Dan Gillmor writes on the South Korean website and newspaper that has citizens as its reporters:
OhmyNews is transforming the 20th century’s journalism-as-lecture model, where organizations tell the audience what the news is and the audience either buys it or doesn’t, into something vastly more bottom-up, interactive and democratic.
The site posts about 70 percent of the roughly 200 items submitted each day, after staff editors look at the stories. Postings work on a hierarchy corresponding to their place on the page; the lower the headline appears, the less important or interesting the editors consider it. The higher and more newsworthy the story, the more the freelance contributor gets paid.
The idea isn’t entirely new. News organizations have long used stringers, who contribute freelance articles.
What’s so different here is that anyone can sign up, and it’s not difficult to get published. The Web means space for news is essentially unlimited, and OhmyNews welcomes contributions from just about anyone.
The real-people nature of the contributors lends further appeal to the site. The citizen-reporters do cover politics, economy, culture, arts and science — the usual subjects you’ll find in newspapers — but they tend to focus more on personally oriented issues like education, job conditions and the environment.
The easy coexistence of the amateurs and professionals will, soon enough, seem natural. Publications like OhmyNews will pop up everywhere, because they make sense, combining the best of old and new journalistic forms.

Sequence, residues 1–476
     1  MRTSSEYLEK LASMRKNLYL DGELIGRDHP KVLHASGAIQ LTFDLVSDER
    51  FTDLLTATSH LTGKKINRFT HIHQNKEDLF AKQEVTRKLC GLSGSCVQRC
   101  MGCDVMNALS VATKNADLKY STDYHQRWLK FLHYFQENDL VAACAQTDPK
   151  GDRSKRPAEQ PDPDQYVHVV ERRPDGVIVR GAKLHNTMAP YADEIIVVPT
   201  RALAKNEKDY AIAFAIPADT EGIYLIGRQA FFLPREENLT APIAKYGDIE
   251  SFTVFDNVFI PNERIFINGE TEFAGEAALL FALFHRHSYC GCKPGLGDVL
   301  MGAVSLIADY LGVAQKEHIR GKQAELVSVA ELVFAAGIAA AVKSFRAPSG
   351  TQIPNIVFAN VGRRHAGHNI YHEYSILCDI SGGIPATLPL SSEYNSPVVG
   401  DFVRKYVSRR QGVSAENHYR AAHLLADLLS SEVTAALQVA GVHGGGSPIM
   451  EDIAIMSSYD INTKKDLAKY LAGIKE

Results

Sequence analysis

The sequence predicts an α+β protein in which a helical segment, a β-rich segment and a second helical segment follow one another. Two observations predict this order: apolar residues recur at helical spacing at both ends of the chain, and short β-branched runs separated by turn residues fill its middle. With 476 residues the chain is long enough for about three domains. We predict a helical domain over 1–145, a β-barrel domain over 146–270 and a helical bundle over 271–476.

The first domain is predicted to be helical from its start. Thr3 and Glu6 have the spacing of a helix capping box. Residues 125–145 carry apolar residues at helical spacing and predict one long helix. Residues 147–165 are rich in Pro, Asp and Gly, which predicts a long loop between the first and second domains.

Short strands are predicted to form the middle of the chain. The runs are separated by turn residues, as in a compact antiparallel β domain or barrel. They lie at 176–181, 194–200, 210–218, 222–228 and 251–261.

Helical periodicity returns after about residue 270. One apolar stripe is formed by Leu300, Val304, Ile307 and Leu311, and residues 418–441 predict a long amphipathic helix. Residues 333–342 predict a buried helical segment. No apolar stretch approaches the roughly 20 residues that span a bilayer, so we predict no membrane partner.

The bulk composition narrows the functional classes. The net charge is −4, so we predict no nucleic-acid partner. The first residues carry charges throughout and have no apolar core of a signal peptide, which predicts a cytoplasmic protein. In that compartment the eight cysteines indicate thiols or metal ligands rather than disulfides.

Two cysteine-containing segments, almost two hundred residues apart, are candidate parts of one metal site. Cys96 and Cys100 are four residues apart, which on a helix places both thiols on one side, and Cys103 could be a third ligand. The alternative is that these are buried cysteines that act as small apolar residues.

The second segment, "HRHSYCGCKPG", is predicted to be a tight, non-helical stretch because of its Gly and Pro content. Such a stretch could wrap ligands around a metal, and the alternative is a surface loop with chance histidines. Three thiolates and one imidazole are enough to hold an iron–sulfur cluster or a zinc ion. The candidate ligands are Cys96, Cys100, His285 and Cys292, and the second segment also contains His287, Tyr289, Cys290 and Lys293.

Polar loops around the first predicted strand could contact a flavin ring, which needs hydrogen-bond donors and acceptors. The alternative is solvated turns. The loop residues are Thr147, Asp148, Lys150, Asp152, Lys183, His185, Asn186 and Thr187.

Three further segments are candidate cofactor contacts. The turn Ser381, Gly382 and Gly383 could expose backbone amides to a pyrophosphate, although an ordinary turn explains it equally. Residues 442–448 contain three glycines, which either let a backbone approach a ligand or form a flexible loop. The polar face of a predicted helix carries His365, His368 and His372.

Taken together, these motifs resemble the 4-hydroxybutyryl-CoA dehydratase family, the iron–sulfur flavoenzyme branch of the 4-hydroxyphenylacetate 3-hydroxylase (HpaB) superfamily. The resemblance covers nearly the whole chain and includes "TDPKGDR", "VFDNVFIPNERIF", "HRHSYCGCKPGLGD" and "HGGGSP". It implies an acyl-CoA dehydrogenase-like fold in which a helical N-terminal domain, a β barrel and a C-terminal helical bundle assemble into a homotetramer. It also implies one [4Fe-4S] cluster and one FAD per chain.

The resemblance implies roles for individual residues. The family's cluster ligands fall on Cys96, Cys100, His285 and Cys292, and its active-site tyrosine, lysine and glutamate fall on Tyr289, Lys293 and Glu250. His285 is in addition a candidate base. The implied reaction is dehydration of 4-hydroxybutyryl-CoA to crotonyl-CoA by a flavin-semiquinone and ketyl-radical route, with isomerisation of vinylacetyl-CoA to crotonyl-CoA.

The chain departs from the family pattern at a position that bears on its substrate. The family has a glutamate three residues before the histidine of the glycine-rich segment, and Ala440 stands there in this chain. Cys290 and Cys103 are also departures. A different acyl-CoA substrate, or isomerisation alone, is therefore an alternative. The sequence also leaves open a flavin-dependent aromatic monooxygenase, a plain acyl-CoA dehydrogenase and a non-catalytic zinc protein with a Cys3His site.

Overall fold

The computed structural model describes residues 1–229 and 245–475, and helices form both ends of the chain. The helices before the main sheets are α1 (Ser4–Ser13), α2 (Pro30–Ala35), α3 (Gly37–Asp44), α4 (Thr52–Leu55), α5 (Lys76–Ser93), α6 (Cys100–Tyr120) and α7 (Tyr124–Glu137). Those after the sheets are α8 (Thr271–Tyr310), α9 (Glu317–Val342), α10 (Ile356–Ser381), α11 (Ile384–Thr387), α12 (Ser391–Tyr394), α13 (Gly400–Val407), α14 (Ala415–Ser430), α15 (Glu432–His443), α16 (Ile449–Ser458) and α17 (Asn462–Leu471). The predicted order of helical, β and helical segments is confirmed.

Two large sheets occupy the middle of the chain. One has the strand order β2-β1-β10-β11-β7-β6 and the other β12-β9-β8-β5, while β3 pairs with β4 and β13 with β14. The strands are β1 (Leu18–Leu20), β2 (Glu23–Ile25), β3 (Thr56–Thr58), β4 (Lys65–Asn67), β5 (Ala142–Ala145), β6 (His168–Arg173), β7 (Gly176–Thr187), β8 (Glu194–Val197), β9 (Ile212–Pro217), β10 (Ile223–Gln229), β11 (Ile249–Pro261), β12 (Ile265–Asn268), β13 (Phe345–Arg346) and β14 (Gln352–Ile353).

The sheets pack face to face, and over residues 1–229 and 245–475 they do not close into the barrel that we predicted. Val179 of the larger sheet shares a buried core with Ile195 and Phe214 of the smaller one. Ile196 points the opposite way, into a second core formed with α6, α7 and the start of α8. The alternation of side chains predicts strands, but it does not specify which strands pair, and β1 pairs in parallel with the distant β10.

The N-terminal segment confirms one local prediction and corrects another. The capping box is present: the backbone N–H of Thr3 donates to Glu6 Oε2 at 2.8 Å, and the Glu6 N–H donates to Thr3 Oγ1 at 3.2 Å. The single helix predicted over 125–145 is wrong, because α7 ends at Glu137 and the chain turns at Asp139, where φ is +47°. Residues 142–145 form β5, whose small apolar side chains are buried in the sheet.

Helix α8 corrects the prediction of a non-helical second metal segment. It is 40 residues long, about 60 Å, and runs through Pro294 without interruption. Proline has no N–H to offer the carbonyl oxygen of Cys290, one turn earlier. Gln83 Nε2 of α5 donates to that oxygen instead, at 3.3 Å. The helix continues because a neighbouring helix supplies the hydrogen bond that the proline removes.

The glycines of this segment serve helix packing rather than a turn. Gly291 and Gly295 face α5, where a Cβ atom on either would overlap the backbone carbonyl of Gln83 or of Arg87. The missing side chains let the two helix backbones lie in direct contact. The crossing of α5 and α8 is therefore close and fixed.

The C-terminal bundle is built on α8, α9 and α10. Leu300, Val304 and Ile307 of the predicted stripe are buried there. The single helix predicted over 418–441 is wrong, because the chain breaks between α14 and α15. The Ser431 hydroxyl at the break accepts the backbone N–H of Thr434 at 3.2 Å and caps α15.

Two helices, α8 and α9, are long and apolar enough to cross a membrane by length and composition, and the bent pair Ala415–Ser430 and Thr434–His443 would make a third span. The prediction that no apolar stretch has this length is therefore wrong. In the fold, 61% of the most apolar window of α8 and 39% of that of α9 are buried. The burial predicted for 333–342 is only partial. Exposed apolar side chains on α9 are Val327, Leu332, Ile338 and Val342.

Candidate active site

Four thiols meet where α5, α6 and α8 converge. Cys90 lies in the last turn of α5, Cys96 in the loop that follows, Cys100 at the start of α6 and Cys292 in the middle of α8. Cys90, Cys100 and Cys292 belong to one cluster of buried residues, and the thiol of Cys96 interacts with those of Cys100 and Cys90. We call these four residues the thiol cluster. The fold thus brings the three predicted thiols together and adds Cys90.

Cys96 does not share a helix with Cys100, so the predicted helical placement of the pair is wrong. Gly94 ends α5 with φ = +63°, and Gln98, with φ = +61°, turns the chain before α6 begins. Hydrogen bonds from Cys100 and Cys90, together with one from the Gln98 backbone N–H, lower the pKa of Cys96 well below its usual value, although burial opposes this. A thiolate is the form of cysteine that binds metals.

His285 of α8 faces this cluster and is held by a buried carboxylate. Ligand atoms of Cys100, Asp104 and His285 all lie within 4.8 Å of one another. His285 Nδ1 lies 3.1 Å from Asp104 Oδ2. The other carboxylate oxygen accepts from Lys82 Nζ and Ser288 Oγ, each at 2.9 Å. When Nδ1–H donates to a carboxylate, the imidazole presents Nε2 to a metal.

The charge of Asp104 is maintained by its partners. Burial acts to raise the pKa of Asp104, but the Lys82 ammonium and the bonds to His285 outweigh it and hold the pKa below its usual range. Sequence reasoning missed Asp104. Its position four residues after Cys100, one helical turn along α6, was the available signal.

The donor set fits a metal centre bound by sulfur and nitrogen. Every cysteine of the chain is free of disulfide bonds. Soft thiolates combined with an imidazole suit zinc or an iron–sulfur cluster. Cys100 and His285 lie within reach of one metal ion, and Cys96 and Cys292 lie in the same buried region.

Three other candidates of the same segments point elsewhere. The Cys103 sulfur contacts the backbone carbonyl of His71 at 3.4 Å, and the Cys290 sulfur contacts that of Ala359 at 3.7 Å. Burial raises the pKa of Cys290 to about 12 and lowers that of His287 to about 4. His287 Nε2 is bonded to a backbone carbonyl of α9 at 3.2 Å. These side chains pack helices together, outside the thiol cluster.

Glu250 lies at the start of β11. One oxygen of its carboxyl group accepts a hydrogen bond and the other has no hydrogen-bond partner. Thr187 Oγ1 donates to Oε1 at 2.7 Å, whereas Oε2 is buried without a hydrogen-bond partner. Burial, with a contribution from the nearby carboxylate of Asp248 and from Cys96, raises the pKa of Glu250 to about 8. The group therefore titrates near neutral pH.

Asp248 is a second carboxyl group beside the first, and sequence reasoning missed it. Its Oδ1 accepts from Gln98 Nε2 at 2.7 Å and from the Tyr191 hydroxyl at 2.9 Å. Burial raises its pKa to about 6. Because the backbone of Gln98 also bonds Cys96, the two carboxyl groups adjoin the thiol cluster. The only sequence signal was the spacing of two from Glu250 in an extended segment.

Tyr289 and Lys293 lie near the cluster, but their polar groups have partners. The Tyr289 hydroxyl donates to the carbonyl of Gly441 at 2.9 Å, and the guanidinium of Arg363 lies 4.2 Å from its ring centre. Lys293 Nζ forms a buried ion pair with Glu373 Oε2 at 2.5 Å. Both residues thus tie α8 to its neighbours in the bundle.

Wired News has more:
in South Korea, the publishing instinct is directed toward a big, collaborative online newspaper that has emerged as one of the country’s most influential media outlets.
OhmyNews is a unique experiment in “citizen journalism”: Anyone who registers with the site can become a paid reporter.
“With OhmyNews, we wanted to say goodbye to 20th-century journalism where people only saw things through the eyes of the mainstream, conservative media,” said editor and founder, Oh Yeon-ho. “Our main concept is every citizen can be a reporter. We put everything out there and people judge the truth for themselves.”
Launched three years ago, OhmyNews has grown from a staff of four to more than 40 editors and reporters who publish about 200 stories a day. The vast majority of the news, however, is written by more than 26,000 registered citizen journalists, who come from all walks of life, from chambermaids to professional writers.
The site attracts an estimated 2 million daily readers, and has been widely credited with helping to elect South Korea’s new progressive president, Roh Moo-hyun. The Guardian newspaper called OhmyNews “arguably the world’s most domestically powerful news site.”
This should be something that may be worth trying out in India.